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Define colors for a series for multiple charts Expand / Collapse
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Posted Wednesday, October 09, 2013 6:34 PM
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I've a requirement where I need to design a dashboard with 6 pie charts. Each pie chart will have drill down / drill through capabilities.

All charts have same series meaning, Chart-1 is TotalSales vs Region, Chart-2 is Profit vs Region and so on.

I need to have a single table displaying legends (Region in this case). I'll build expressions to have uniform color for a region across all 6 charts.

Restriction is: I'm not supposed to create any new objects (table, stored procedure) in database. All the logic/ code is handled in report.

Now to have color defined against each region, what options I would have?

I had thought of Shared Dataset but Shared Dataset is not supported in SSRS 2005.

Using a dataset within a dataset is also not feasible, as far as I've explored.

At present, I've an option of creating a temp table to hold region & color. Then join this table with main query. But for 6 charts, I'll have to repeat it 6 times. In case I need to change color for a region, it would be prone to mistakes.

Do I have any other options?
Post #1503338
Posted Thursday, October 10, 2013 4:55 PM
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Just came to know that Lookup can be another option. It works in SSRS 2008. Not sure if it's available in 2005. Let me check.
Post #1503829
Posted Friday, October 11, 2013 9:02 AM
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There are a couple of approaches to solving this. Here's a link to an entire series devoted to custom/conditional colors in SSRS by Dave Lean:
http://blogs.msdn.com/b/davidlean/archive/2009/02/17/sql-reporting-how-to-conditional-color-1-4-the-basics-report-expressions-custom-code.aspx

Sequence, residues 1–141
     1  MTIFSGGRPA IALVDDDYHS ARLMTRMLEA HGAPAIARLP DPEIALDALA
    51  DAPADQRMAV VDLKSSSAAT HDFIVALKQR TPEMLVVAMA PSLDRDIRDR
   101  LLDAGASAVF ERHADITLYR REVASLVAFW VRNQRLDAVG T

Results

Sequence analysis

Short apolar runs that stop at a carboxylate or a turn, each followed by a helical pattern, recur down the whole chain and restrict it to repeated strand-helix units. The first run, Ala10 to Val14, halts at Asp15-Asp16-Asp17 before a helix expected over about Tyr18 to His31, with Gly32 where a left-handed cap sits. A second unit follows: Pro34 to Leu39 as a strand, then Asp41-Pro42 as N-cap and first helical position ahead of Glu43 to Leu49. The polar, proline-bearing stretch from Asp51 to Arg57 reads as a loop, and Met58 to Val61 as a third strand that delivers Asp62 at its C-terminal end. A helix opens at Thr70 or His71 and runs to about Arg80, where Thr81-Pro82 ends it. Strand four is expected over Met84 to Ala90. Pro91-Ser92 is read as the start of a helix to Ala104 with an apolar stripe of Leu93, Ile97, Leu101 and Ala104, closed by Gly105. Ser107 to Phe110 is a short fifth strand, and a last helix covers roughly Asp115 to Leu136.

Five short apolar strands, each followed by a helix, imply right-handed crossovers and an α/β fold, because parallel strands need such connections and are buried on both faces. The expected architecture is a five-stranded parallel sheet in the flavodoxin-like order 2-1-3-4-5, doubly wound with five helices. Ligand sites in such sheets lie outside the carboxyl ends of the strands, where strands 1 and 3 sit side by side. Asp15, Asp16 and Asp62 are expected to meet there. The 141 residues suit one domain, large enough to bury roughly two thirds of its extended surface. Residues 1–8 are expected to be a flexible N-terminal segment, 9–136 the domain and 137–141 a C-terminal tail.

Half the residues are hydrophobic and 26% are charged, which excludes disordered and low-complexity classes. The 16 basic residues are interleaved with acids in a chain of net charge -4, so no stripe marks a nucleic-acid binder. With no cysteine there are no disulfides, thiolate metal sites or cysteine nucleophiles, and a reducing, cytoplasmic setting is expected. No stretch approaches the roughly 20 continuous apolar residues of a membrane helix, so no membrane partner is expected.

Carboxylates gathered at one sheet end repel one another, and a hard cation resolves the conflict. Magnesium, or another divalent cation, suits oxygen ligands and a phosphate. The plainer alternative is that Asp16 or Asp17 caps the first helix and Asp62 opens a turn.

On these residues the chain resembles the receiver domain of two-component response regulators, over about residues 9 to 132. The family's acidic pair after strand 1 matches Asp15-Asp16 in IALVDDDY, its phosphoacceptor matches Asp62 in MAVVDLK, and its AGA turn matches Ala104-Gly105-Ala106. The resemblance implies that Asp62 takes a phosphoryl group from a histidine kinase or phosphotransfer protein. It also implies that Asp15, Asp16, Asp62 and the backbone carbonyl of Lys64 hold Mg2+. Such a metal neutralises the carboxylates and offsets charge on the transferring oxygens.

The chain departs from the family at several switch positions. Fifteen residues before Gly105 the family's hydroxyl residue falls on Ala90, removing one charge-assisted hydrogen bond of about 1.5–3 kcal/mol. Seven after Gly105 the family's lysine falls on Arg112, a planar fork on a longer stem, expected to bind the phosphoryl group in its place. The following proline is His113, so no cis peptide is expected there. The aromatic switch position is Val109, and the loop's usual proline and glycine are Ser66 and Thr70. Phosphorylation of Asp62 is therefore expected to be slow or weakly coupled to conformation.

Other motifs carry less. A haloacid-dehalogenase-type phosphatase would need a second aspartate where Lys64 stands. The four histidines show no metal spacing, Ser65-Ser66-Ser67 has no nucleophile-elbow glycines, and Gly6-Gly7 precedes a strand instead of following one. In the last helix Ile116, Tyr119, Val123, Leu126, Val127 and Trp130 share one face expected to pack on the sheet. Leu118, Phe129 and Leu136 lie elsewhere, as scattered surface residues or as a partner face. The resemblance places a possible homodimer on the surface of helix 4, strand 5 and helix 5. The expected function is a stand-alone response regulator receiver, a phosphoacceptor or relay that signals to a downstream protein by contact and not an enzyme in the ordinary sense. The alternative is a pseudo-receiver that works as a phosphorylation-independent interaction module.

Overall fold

Below is a technique mentioned in Dave's series that is quite useful:

Basically, you create custom code to handle the region; place a function call to the custom code in the relevant field property while passing the region value to the function.

Step 1: Paste this into the Custom Code window.
  Public Function ColorRegion(ByVal RegionName As String) As String 
Select Case RegionName
Case"Africa"
Return"Brown"
Case"Americas"
Return"Blue"
Case"ANZ"
Return"GoldenRod"
Case"Asia"
Return"Olive"
Case"Europe"
Return"MediumTurquoise"
Case Else
Return"Red"
End Select
End Function

Step 2: Use it in a report Expression to assign a value to a color property.
=code.ColorRegion(Fields!Region.Value)


Lastly, although you are creating pie charts, you may want to reconsider or persuade the person requesting them. Pie charts are generally not an effective visualization compared to bar charts when comparing values. Stephen Few (data visualization expert) has a website (www.perceptualedge.com) that should be required reading for anyone creating charts/graphs -- really great stuff. Here's a direct link to an article he wrote explaining the limitations of pie charts: http://www.perceptualedge.com/articles/visual_business_intelligence/save_the_pies_for_dessert.pdf




Post #1504057
Posted Friday, October 11, 2013 11:05 AM
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Thanks peterzeke! Appreciate your detailed suggestions. I'll go through the links and re-analyze the requirement of pie charts.
Post #1504097
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